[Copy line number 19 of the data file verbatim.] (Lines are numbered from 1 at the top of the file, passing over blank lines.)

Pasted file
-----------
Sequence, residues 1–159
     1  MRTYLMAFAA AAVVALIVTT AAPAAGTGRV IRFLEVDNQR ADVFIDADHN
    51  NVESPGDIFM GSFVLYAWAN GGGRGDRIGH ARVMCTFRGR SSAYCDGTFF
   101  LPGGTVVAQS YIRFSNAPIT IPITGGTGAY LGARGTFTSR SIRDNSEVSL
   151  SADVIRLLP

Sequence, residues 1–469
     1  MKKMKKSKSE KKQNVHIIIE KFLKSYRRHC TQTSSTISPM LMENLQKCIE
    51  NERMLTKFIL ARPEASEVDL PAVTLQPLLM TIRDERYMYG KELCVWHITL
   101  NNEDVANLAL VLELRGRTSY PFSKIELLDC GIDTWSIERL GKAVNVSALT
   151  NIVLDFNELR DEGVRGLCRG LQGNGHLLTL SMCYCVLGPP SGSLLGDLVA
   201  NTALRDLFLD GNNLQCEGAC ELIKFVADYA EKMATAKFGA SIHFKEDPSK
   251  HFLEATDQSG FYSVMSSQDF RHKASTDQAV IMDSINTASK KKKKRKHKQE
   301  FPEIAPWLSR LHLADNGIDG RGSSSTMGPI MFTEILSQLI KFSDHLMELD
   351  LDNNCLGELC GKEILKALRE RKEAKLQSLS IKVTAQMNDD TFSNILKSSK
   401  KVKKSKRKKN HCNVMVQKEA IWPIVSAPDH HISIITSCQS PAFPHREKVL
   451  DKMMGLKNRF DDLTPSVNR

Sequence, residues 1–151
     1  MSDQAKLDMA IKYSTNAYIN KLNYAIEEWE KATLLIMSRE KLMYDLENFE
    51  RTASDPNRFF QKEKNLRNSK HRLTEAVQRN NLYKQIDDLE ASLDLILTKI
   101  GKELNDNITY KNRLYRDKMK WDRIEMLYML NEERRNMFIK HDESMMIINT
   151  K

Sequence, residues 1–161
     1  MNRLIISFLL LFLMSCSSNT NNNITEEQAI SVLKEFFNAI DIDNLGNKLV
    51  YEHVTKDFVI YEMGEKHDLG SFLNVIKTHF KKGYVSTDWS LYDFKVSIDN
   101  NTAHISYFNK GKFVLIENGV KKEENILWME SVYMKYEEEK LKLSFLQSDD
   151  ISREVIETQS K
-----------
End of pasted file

    51  RTASDPNRFF QKEKNLRNSK HRLTEAVQRN NLYKQIDDLE ASLDLILTKI